Multilateral action is heating up in Latin America. Just a couple of weeks following news that the Inter-American Develop -ment Bank (IDB) would likely provide a liquidity facility in a Mexican RMBS (see ASR 4/19, p. 1), a unit of the same bank group is advancing on another front. The Multilateral Investment Fund (MIF) intends to become a first-loss investor as a way to enhance deals backed by diversified payment rights (DPR), which are a common sight in the cross-border arena.

"We would take a subordinated tranche, being the first in line not to get paid in the unlikely event of total stoppage of remittance flows," said Nathaniel Jackson, a representative from the Investment Division of the Fund.

As part of the IDB group, the MIF has a triple-A rating from Moody's Investors Service and Standard & Poor's.

While DPR transactions are most pervasive among Brazil's leading homegrown banks, the MIF would likely focus where foreign remittances dominate in the mix of securitized flows. Recently, that's meant Central America. A major goal of the entity has been the cut the cost of remittances, according to Takatoshi Kamezawa, an investment officer at the Fund. Only last week, the MIF set up a US$7.6 million joint program with the U.N. to promote savings and investments in struggling regions of Latin America and the Caribbean that receive remittances from emigrants.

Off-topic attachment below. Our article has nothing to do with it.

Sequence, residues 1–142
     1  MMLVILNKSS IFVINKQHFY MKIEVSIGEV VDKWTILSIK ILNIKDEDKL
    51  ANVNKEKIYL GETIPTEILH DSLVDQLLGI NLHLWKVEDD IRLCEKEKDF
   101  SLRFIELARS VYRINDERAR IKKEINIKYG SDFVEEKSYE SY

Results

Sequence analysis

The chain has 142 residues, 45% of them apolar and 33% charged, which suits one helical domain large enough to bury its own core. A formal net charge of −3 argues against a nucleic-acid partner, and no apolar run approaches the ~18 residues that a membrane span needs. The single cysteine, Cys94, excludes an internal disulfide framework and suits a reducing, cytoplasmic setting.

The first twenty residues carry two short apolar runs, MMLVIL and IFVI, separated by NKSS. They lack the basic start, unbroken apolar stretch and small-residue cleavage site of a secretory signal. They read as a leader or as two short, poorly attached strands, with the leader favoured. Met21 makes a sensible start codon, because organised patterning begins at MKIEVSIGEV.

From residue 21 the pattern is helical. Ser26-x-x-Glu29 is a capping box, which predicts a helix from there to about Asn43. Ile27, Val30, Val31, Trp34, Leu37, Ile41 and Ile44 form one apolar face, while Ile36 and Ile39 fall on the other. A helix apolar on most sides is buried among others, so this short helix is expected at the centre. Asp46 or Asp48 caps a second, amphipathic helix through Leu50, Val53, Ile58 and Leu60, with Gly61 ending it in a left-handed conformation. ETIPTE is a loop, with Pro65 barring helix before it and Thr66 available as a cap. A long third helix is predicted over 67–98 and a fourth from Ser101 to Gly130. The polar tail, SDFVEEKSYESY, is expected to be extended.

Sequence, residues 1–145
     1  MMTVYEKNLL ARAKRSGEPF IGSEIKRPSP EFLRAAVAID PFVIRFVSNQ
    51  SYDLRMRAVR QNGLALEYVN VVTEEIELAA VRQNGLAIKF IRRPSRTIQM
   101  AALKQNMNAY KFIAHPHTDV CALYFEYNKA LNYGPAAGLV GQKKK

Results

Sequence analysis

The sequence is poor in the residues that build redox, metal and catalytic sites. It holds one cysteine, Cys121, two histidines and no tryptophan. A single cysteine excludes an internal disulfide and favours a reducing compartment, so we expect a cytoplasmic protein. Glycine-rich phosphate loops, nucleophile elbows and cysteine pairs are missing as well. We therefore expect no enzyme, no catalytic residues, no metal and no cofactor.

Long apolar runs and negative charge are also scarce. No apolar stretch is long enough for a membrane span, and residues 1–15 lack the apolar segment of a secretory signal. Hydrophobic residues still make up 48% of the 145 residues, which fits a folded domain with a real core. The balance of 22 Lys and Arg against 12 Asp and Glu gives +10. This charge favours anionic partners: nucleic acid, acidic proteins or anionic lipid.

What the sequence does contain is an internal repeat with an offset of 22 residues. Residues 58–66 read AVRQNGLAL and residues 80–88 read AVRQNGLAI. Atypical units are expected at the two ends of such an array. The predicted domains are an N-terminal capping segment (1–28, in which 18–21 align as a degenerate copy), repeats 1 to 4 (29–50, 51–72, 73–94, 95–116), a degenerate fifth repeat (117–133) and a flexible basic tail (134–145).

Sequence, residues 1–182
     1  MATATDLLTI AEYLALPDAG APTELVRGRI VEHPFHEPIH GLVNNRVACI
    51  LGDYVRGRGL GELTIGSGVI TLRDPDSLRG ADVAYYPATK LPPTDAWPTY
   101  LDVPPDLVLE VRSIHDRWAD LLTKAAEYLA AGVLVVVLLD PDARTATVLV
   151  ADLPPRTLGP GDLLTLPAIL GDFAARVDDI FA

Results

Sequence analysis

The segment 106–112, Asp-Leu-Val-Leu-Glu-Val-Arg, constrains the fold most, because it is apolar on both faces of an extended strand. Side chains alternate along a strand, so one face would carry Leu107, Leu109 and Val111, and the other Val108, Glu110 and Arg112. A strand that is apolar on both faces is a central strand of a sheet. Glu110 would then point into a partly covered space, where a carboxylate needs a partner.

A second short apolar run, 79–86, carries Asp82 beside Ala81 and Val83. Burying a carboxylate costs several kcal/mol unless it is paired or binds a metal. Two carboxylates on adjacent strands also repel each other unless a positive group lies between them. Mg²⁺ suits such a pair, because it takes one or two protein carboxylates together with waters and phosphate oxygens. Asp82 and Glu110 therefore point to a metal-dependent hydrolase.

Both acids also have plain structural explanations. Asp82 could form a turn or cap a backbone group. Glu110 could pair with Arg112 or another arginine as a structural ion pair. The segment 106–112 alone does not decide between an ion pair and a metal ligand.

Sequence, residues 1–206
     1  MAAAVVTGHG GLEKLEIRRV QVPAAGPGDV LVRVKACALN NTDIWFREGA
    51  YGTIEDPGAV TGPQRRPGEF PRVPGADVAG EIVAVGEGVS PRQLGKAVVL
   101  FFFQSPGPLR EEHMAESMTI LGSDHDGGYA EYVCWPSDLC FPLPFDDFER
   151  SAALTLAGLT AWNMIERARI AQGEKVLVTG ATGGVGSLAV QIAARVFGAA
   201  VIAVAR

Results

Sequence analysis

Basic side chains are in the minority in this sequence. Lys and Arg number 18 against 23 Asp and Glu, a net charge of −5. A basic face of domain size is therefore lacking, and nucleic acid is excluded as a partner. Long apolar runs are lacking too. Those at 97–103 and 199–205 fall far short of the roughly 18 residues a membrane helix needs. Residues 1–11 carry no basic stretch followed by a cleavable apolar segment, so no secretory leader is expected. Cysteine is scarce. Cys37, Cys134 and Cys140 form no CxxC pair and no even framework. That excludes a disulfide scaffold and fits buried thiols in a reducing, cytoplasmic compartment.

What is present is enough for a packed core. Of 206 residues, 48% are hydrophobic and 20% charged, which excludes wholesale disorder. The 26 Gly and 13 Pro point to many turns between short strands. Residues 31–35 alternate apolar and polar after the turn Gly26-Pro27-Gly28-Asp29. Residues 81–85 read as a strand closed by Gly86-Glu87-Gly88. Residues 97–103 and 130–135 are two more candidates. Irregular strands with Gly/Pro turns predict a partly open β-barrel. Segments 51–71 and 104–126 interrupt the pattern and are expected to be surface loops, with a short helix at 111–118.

Alliances are also on the drawing board for DPR deals. Jackson said they would work with other multilaterals to take portions of the subordinated tranche.

Apart from stimulating the remittance industry, by its DPR participation the MIF aims to foster small and medium enterprises (SMEs), another one of the entity's mandates. The fund is looking to have the originating banks use a chunk of the bond proceeds for loans to SMEs.

Outside of Brazil, only two Central American banks - Banco Agricola and Banco Cuscatlan - have issued deals backed by diversified payment rights in the last year and a half. Wachovia Securities is understood to be currently handling a US$100 million deal for Banco Salvadoreno.

Copyright 2004 Thomson Media Inc. All Rights Reserved.

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